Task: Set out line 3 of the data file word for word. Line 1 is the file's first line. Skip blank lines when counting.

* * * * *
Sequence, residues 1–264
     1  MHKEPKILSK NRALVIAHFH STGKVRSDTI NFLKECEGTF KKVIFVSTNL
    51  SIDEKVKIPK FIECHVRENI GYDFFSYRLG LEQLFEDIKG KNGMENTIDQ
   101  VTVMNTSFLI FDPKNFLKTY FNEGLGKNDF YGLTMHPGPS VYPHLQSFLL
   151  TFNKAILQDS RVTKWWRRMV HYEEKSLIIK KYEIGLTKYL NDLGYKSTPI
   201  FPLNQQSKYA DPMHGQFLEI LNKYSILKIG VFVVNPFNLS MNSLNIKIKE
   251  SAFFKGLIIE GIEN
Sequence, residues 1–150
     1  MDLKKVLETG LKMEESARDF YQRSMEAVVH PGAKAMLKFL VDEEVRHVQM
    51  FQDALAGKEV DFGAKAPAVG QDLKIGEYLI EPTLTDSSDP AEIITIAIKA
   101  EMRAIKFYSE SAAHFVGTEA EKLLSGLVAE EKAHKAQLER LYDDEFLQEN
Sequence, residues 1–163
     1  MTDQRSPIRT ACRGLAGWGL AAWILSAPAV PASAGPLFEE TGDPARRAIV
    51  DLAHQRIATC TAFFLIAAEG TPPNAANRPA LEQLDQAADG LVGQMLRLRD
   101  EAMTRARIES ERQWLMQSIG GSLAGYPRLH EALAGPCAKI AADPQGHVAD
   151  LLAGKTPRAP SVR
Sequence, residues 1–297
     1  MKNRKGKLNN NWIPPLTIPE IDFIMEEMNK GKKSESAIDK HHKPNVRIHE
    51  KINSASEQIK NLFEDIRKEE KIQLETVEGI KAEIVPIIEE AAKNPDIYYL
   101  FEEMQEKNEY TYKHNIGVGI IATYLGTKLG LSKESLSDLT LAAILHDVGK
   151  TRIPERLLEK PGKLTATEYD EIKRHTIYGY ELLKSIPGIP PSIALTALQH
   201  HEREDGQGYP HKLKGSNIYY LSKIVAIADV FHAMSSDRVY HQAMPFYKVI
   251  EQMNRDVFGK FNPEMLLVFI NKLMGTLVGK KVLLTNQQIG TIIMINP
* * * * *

    51  SIDEKVKIPK FIECHVRENI GYDFFSYRLG LEQLFEDIKG KNGMENTIDQ